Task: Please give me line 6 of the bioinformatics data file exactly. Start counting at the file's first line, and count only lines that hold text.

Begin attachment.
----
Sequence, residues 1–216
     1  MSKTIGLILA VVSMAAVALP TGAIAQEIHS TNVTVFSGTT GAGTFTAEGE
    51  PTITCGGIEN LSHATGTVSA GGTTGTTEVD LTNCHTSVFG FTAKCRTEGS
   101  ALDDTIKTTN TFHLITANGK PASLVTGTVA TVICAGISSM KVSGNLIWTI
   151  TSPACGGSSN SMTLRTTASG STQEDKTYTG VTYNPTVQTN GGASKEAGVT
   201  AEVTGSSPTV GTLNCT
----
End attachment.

   201  AEVTGSSPTV GTLNCT